At this point we were in volcano-and-earthquake territory, which long-time readers of Skeptophilia will know is a major fascination of mine.  The 1908 earthquake in Messina, our guide told us, killed eighty thousand people and flattened nearly the entire city; most of the casualties, she said, died within a span of thirty-seven seconds as the ground lurched and buildings collapsed.  The Messina-Taormina fault, which lies just offshore of the east coast of the island, is still very much active, and as you saw, Mount Etna looms over the town of Taormina.  As we were sailing away that evening, we got a light show from the pretty well constantly-erupting island of Stromboli, which has been nicknamed "The Lighthouse of the Mediterranean."

Speaking of volcanoes, we next went to Naples, which sits in the shadow of Vesuvius -- in fact, a magmatic system underlies the entire region, leading to its nickname of the "Campi Flegrei" ("burning fields") about which I've written before.  We visited the ruins of Pompeii, which was an overwhelming enough experience that I'm planning an entire post devoted just to that, so you'll have to wait for photos and commentary.  But here's a photo of the city of Naples taken from the slopes of Vesuvius, just to give you an idea of how many people live in the bullseye.

After Naples we docked in the rather unattractive industrial port town of Livorno, and took a bus into Florence.  Florence, as you undoubtedly know, is famous for its art and architecture, including the Duomo -- the city cathedral -- which is truly incredible.

We also got to see David -- not the David, but a replica that is out in the square near the Accademia Gallery, home of the original.  Even the replica was suitably amazing.

As an amateur sculptor, I was gobsmacked by the beauty of the human figure, and the incredible detail Michelangelo was able to work into the musculature.  That man was a true genius.

It rained just about the entire time we were in Florence, so we went to the Galileo Museum, which is very much worth a visit if you're a science nerd.  The museum has a fine collection of early scientific devices, including this amazing armillary sphere that stands about eight feet tall:

And a hand-cranked glass lathe used for making lenses for telescopes and microscopes:

After Florence, we had a quick stop in coastal France.  This was the place I most felt shortchanged about, time-wise; we only had time to take a quick run in from our port (Cannes) to the charming little village of St. Paul de Vence.  It was still raining, but it's a lovely place, and one I wish I'd been able to spend more time exploring.  I also would have loved to go farther north; my father's family comes from only about two hundred kilometers north of there, up in the high Alps.  Once again -- like Malta -- that'll have to wait for another trip.

After Cannes, we went to the island of Ibiza.  Ibiza is one of two islands in the Balearic Archipelago, east of Spain, that we got to visit.  When a friend found out we were going to Ibiza, he said he'd been there, and that it was famous for sun, swimming, sex, and alcohol, and because of the last-mentioned he didn't remember much about the other three.  But true to form, we did something extremely nerdy instead and went to visit an organic farm, where we got to make our own herbal liqueur (which, amazingly enough, we were able to successfully transport home without the bottles breaking).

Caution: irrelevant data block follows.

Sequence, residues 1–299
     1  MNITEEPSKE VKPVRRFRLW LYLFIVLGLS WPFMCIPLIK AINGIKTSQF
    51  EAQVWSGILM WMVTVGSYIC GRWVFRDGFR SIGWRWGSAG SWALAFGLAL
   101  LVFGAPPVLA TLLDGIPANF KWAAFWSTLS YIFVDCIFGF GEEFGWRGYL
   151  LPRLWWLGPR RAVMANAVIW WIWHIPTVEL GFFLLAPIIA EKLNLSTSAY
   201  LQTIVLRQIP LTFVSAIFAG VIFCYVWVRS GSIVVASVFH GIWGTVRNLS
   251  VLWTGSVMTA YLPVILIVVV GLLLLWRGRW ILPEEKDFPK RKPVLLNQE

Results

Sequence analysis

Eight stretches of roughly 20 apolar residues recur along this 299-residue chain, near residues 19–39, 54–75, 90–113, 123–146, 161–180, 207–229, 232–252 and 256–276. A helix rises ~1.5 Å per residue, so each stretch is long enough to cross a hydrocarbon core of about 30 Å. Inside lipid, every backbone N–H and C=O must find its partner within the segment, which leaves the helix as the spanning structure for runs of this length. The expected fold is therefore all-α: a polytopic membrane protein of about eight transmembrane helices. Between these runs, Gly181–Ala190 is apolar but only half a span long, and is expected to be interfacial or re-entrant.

I didn't get any good photos of the farm, but here's an evening shot of the Ibiza lighthouse:

After Ibiza we went to another island in the Balearics, Mallorca, and while there we took a taxi up to Bellver Castle (which overlooks the city of Palma) and hiked our way back down, stopping along the way for some truly amazing cappuccino.

We finished up the trip in the city of Barcelona, where we got to visit the Sagrada Familia (again, which will be the subject of another post), and the wild, Dr.-Seussian Park Güell, conceived by the astonishingly creative mind of the Catalan architect Antoni Gaudí:

From there, it was a quick flight to Paris, a long flight to New York City, a quick flight to Rochester, and a drive back home, where we got in at two AM.  Then had to get up at seven to go pick up the dogs from the kennel.  So I think I'll be fighting the dregs of jet lag for a couple more days.

It was a whirlwind tour but an opportunity to visit some amazing places, have some awesome food and wine (and limoncello, about which I will not be pinned down to rank by any Greek or Italian partisans in the audience).  But it's nice to be home as well, where spring has finally set in and the garden is ready to plant.

So goodbye for now, southern Europe.  With luck, I'll be back someday.



  1. Great pictures and story telling. Heading to Italy in 3 weeks.

  2. As you say sounds like a little bit of a whirlwind but you two did some very interesting activities while there. Really sorry about not getting into Malta as we definitely enjoyed spending time there. As you say, you now know places you still need to travel to. Glad to hear about the trip and will be interested to read you future write-ups on the trip